Chittenden provided court-ordered therapy to a minor child. The child’s father filed a complaint with the Board, alleging unlawful, unprofessional, and unethical conduct by Chittenden. The Board found reasonable grounds to believe that Chittenden had violated CRS § 12-43-222(1)(g), (j), and (v). Chittenden submitted a request to the Board for declaratory orders, which the Board declined to decide. Chittenden then filed this appeal.

Chittenden argued that anyorder disposing of a petition for a declaratory order is subject to immediate judicial review with respect to the meaning of § 24-4-105(11). Generally, with limited exceptions not applicable here, § 24-4-105(11) requires final agency action within the meaning of § 24-4-106(2) before an order disposing of a petition for declaratory relief is subject to judicial review. Here, the Order did not mark the consummation of the agency’s decision-making process; did not determine Chittenden’s rights and obligations—and no legal consequences flowed from it; and did not evince any intent by the Board to issue a final order. Because the Order did not constitute final agency action under § 24-4-106(2), the Court of Appeals lacked jurisdiction over this appeal. The Court therefore dismissed it.

Summary and full case available here.

Colorado Court of Appeals: Nurse Who Provided Services for El Paso County Jail on Contract Was Not Employee of Correctional Facility

The Colorado Court of Appeals issued its opinion in People v. Mulberger on September 13, 2012.

Challenge for Cause—Compensated Employee—Public Law Enforcement Agency.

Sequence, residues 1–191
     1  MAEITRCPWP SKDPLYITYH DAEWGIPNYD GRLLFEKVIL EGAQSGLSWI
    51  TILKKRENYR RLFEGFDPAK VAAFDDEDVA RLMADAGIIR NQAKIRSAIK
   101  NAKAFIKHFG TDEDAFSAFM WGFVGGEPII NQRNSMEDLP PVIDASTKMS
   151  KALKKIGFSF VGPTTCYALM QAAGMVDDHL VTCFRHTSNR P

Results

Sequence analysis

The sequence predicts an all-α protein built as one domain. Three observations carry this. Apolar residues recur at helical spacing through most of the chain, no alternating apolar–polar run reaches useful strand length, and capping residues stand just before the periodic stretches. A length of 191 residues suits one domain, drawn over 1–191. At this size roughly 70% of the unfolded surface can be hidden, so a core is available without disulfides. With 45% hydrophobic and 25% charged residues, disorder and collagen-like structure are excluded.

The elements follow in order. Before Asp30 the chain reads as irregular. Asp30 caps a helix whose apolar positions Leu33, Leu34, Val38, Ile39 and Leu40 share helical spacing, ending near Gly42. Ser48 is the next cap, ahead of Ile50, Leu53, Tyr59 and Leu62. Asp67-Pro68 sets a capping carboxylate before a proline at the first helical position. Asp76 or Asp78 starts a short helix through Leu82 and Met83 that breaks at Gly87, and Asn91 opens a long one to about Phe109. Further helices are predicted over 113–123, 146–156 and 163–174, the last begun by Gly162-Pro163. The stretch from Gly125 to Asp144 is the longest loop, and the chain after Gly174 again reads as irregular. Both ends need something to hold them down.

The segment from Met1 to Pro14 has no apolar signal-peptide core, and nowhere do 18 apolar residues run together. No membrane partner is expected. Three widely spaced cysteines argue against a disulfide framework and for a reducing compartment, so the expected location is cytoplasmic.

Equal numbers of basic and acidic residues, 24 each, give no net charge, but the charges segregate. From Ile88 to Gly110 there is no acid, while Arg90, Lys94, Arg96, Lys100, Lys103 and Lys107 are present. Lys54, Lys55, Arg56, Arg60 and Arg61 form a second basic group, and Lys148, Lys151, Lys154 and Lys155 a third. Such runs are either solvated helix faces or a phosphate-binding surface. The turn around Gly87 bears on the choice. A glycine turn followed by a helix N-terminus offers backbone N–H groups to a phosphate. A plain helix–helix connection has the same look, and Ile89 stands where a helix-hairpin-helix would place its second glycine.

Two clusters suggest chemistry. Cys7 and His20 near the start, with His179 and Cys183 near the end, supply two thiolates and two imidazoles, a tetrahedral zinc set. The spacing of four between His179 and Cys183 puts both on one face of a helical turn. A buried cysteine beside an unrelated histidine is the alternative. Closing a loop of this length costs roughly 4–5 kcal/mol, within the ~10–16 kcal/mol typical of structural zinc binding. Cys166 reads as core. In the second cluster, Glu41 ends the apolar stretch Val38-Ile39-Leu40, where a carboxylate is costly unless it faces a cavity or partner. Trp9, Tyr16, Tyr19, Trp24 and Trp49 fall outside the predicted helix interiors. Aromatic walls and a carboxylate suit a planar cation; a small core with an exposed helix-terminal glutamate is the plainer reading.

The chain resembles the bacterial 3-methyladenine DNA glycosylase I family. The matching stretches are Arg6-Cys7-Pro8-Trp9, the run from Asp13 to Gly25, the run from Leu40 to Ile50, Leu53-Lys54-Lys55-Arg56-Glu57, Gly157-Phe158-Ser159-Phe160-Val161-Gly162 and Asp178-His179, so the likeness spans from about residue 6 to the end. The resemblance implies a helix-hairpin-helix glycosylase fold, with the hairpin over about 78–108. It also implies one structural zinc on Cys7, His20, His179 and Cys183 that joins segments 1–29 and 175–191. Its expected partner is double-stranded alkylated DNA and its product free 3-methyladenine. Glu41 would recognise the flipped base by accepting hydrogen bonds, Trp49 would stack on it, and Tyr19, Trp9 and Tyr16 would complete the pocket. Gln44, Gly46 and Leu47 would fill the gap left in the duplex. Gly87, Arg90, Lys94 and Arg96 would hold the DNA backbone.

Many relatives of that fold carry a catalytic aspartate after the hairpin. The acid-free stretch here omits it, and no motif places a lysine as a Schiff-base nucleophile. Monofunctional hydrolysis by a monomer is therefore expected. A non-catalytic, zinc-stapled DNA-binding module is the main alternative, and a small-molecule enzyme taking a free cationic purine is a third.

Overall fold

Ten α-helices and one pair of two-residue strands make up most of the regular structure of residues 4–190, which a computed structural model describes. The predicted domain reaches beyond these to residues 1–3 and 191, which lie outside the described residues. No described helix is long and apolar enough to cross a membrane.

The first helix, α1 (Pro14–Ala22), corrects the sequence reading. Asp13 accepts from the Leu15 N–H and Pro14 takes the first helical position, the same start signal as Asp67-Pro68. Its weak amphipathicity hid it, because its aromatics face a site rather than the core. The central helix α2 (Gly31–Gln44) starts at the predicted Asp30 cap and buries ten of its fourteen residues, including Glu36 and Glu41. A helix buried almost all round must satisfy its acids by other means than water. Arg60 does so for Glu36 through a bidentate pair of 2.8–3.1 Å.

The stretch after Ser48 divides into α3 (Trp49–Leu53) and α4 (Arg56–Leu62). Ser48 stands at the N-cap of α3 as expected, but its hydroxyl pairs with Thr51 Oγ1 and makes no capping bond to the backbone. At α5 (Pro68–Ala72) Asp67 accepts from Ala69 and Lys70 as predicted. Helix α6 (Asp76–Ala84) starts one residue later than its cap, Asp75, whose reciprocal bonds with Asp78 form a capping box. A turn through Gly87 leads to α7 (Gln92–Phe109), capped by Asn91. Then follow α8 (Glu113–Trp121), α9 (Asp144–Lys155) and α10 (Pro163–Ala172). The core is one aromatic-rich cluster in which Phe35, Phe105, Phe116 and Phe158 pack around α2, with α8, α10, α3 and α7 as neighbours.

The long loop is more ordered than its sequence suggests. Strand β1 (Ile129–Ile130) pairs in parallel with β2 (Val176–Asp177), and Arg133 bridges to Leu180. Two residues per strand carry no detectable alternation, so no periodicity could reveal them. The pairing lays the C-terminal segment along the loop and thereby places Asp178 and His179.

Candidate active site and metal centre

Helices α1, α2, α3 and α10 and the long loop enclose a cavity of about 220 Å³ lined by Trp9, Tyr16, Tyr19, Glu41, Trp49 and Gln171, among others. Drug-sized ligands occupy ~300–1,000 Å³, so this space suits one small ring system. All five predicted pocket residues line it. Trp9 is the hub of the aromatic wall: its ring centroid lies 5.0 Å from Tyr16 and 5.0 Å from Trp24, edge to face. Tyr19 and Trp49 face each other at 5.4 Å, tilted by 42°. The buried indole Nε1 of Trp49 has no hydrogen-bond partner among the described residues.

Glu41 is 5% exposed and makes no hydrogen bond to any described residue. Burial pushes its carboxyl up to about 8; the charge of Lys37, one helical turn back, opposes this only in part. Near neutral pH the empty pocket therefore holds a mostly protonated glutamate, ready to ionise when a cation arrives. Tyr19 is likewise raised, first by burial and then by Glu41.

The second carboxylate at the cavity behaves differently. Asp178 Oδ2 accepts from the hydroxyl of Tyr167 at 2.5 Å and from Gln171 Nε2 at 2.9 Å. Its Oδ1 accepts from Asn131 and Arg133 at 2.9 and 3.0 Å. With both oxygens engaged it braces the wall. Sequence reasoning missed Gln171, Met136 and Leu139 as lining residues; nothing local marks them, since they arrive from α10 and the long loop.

Defendant appealed the judgment of conviction entered on jury verdicts finding him guilty of several offenses. The judgment was affirmed.

Defendant contended that the district court erred by denying his challenge for cause of a prospective juror. Specifically, during jury selection, defendant’s counsel challenged for cause a prospective juror on the ground that she was a compensated employee of a public law enforcement agency because she worked as a nurse employed by a company that provided services to the El Paso County Jail on a contract basis. The court denied the challenge, and defendant’s counsel used a peremptory challenge on that juror and exhausted defendant’s remaining peremptory challenges. Because the prospective juror worked for a third-party contractor and was not subject to the direction and control of a jail representative, she was not a compensated employee of a public law enforcement agency. Therefore, the court did not err in denying defendant’s challenge for cause.

Summary and full case available here.

Tenth Circuit: Unpublished Opinions, 9/14/12

On Friday, September 14, 2012, the Tenth Circuit Court of Appeals issued one published opinion and one unpublished opinion.

B.J.G. v. Rockwell Automation, Inc.

No case summaries are provided for unpublished opinions. However, published opinions are summarized and provided by Legal Connection.